Lyme disease is an infection caused by Borrelia burgdorferi, a type of bacteria called a spirochaete. Humans and animals are infected with the bacteria through tick bites on the skin. Infected Ixodes ticks are often found on deer. The disease is common in parts of the United States but may also exist throughout much of the world. In New Zealand, cases have only been reported in people that have recently travelled from an endemic area.
Several things can happen after being bitten by an infected tick.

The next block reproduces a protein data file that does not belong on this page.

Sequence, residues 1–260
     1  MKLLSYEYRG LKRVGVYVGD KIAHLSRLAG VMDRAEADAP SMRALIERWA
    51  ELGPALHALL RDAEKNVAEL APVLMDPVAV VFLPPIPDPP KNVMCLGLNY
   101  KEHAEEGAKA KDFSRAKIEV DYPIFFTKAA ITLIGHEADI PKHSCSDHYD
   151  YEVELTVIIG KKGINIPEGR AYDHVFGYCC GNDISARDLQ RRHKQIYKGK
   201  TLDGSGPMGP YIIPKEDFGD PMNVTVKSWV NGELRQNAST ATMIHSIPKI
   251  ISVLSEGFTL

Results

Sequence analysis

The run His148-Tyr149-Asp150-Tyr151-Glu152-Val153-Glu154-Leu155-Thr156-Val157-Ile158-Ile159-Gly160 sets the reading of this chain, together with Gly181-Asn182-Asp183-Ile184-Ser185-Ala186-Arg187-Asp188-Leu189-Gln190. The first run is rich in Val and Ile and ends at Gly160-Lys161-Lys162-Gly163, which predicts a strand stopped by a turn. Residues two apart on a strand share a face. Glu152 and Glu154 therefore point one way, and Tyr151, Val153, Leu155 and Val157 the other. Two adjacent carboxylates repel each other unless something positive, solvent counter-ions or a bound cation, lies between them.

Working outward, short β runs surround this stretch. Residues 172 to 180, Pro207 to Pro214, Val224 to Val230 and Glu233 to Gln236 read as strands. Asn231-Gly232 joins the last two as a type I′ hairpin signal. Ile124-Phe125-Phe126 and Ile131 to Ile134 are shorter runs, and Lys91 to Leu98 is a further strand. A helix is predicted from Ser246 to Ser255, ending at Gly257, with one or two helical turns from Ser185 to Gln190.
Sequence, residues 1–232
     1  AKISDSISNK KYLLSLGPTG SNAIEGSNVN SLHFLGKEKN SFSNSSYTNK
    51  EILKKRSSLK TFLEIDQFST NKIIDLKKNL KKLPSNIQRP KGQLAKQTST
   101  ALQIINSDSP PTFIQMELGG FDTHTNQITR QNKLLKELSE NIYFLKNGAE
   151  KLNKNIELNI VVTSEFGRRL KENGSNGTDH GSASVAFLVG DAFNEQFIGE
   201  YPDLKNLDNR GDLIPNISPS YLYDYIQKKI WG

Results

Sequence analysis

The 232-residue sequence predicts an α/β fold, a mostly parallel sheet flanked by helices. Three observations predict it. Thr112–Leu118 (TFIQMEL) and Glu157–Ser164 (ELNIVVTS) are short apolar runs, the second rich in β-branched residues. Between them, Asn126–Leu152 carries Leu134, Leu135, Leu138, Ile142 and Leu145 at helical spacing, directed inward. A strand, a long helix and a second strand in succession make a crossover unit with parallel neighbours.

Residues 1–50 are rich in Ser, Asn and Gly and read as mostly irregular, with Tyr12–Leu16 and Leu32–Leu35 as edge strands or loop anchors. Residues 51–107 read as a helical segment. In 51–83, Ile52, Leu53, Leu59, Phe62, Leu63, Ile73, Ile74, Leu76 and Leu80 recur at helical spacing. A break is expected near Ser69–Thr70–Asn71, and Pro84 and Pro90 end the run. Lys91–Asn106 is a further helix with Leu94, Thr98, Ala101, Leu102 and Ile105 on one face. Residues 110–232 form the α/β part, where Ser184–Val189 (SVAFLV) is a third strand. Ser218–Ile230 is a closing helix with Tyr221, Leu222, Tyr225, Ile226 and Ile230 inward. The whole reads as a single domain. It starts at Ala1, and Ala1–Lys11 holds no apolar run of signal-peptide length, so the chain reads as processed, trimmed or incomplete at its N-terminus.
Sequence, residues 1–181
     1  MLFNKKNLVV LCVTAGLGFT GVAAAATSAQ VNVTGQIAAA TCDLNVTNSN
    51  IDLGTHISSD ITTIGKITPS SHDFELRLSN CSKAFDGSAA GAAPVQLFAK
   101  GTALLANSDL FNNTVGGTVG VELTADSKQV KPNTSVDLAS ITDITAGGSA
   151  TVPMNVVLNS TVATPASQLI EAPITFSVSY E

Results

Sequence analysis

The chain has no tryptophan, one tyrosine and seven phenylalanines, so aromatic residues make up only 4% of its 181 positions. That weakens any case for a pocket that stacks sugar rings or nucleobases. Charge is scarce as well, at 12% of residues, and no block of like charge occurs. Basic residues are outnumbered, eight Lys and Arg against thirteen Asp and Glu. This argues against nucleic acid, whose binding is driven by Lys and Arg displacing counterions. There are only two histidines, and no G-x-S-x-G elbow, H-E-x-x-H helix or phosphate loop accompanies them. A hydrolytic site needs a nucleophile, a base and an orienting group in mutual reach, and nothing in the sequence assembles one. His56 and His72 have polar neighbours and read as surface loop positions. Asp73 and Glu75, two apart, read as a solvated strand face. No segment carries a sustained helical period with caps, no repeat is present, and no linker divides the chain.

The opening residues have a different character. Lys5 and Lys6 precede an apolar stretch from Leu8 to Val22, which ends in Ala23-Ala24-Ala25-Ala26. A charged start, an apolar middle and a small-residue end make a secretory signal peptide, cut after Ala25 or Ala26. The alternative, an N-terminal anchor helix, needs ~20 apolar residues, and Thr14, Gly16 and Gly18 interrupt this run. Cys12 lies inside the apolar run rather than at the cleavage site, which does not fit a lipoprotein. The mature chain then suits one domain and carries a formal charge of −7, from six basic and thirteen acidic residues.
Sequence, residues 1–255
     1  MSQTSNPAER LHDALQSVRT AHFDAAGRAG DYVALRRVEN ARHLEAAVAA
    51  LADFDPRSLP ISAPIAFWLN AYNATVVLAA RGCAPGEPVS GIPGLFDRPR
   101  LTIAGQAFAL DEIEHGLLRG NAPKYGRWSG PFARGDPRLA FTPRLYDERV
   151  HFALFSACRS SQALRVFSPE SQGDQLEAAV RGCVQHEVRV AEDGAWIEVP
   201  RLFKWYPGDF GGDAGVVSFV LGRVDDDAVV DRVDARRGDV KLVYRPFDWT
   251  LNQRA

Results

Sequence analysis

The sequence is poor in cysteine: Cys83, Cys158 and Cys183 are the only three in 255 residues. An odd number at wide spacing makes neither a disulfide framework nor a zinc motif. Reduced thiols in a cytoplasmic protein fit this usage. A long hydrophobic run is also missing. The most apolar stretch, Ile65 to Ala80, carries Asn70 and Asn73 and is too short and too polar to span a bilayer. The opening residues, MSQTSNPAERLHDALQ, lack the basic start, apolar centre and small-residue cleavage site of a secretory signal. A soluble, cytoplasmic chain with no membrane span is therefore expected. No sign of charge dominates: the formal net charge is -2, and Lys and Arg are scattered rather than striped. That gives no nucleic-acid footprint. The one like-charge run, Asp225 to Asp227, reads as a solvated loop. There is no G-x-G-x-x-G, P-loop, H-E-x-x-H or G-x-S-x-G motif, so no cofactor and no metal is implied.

- The body's defence mechanisms can overwhelm and eliminate the infecting bacteria.
- The bacteria can remain localised at the site of the bite and cause a localised skin infection.
- The bacteria may disseminate via the blood and lymphatic system to other organs and cause a multisystem inflammatory disease.
Although Lyme disease can affect any part of the body, it appears to most often affect the skin, heart, central nervous system, joints and eyes. The disease can basically be divided into 3 stages according to the extent of infection. In individual patients there is no rigid cut-off between each stage.
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